Patient Information

Joint effusion is a manifestation of numerous diseases and represents pathological accumulation of fluid inside the joint. It can appear in conditions such as trauma, joint infections (gonorrhea and tuberculosis being one of the most common), conditions that primarily affect the joints such as rheumatoid arthritis, gout, pseudogout, osteoarthritis and Reiter's syndrome, but also tumors and systemic diseases such as Crohn disease, systemic lupus erythematosus and psoriatic arthritis. Joint effusion stems from either mechanical disruption of structures that comprise the joint, such as ligaments, tendons and synovial membranes or activation of inflammatory cells in the case of infection or autoimmune diseases. As a result, fluid accumulation occurs and causes symptoms such as pain, swelling, tenderness and limited range of motion. Patients may report fever and chills in the setting of an infection, while pain during the night and unexplained weight loss may suggest the development of a tumor. Because numerous diseases may cause joint effusion, the physician is obliged to obtain a detailed patient history that can reveal previous trauma or existing conditions that can predispose patients to this condition. Additionally, a meticulous physical examination with a particular emphasis on the painful joint is equally important and various probes may determine the exact site of injury. To confirm joint effusion as the cause of symptoms, however, aspiration of synovial fluid from the affected joint by a procedure called arthrocentesis and subsequent examination is essential. Magnetic resonance imaging (MRI) is a useful diagnostic method as well, but its role primarily includes exclusion of other conditions that may present with similar symptoms, such as fractures or injuries to other joint structures. Treatment principles somewhat depend on the underlying cause. Infections are treated with intravenous antibiotics, whereas non-steroidal anti-inflammatory drugs (NSAIDs) and disease-modifying anti-rheumatic drugs (DMARDs) are used for alleviation of symptoms in the majority of conditions, including gout, rheumatoid arthritis and other inflammatory joint diseases. Aspiration of accumulated fluid was initially thought to be an effective therapeutic method, but frequent recurrence has been observed, which is why the most important part of joint effusion management is recognition and treatment of the underlying cause.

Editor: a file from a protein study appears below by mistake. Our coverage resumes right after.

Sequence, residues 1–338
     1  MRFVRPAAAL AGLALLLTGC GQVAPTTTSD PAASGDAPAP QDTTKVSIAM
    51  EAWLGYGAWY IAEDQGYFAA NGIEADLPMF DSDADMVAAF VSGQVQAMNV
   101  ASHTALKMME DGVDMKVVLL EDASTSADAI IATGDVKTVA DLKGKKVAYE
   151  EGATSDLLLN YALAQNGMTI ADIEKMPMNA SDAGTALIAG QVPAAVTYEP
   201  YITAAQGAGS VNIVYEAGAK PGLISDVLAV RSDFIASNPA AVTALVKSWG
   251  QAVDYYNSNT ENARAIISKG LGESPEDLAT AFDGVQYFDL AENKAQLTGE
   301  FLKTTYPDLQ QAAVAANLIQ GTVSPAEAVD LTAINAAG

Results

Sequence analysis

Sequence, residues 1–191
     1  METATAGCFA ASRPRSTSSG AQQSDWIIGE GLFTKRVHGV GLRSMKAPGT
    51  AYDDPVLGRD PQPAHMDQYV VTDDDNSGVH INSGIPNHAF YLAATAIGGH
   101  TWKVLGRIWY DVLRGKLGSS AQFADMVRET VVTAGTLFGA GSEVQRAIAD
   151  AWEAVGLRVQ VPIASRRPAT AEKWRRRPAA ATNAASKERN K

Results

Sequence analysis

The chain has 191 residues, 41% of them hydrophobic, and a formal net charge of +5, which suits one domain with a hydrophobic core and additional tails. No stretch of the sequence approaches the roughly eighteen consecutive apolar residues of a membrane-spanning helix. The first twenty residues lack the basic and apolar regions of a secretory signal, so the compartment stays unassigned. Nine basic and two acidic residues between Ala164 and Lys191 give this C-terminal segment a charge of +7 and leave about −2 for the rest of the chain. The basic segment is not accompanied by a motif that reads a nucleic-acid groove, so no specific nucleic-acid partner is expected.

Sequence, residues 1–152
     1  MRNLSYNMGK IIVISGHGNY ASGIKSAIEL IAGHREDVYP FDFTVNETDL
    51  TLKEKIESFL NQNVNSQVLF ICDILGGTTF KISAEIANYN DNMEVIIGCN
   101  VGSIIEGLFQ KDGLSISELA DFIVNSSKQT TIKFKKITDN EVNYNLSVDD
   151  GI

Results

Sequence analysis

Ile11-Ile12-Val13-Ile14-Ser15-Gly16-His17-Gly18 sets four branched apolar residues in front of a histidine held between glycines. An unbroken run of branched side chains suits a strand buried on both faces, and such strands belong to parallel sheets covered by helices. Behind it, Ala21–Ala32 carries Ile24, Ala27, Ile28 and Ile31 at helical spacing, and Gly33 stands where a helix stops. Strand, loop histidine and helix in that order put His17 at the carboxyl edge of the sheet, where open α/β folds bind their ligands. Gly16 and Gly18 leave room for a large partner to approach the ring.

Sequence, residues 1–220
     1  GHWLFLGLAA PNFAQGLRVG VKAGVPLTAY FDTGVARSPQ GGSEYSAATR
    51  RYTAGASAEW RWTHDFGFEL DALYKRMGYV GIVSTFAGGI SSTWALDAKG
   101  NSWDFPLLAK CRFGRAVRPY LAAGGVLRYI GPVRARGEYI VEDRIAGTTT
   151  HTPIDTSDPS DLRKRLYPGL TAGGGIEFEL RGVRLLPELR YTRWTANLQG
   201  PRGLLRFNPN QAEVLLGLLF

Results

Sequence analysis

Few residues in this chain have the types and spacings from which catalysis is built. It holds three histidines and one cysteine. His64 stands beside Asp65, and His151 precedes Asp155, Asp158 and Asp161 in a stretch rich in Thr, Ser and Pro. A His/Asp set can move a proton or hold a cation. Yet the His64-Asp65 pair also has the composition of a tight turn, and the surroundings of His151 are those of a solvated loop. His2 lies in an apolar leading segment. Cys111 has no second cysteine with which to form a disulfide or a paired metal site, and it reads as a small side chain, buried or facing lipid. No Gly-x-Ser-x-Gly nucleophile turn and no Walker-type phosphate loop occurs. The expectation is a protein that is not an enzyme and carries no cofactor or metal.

References

Article

  1. Johnson WM. Acute Knee Effusions: A Systematic Approach to Diagnosis. Am Fam Physician. 2000;61(8):2391-2400.
  2. Porter RS, Kaplan JL. Merck Manual of Diagnosis and Therapy. 19th Edition. Merck Sharp & Dohme Corp. Whitehouse Station, N.J; 2011.
  3. Torry MR, Decker MJ, Viola RW, O'Connor DD, Steadman JR. Intra-articular knee joint effusion induces quadriceps avoidance gait patterns. Clin Biomech (Bristol, Avon). 2000;15(3):147-159.
  4. Hong BY, Lim SH, Im SA, Lee JI. Effects of acute joint effusion on balance in patients with knee osteoarthritis. Am J Phys Med Rehabil. 2013;92(1):45-52.
  5. Takahashi T, Ohtani M, Sano T, Ohnuki T, Kondoh T, Fukuda M. Magnetic resonance evidence of joint effusion of the temporomandibular joint after fractures of the mandibular condyle: a preliminary report. Cranio. 2004;22(2):124-131.
  6. Mayer-Wagner S, Mutzel B, Mayer W, Fulghum C, Simon G, Linke R, Jansson V. Radiosynoviorthesis for treating recurrent joint effusions after endoprosthetic knee replacement. Clin Nucl Med. 2012;37(8):727-731.
  7. Paschos NK, Giotis D, Abuhemoud K, Georgoulis AD. Effectiveness of aspiration in knee joint effusion management: a prospective randomized controlled study. Knee Surg Sports Traumatol Arthrosc. 2014;22(1):226-232.
  8. Mathison DJ, Teach SJ. Approach to knee effusions. Pediatr Emerg Care. 2009;25(11):773-786.
  9. Palmieri-Smith RM, Villwock M, Downie B, Hecht G, Zernicke R. Pain and Effusion and Quadriceps Activation and Strength. J Athl Train. 2013;48(2):186-191.
  10. Dodge JP. The ankle teardrop sign. Radiology. 2004;231(3):789-790.
  11. Segami N, Suzuki T, Sato J, Miyamaru M, Nishimura M, Yoshimura H. Does joint effusion on T2 magnetic resonance images reflect synovitis? Part 3. Comparison of histologic findings of arthroscopically obtained synovium in internal derangements of the temporomandibular joint. Oral Surg Oral Med Oral Pathol Oral Radiol Endod. 2003;95(6):761-766.
  12. Gilbert DN, Chambers HF, Eliopoulos GN, Saag MS. The Sanford Guide to Antimicrobial Therapy 2015. 45th ed. Antimicrobial Therapy, Inc, Sperryville, VA;2015.

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Last updated: 2018-06-22 10:41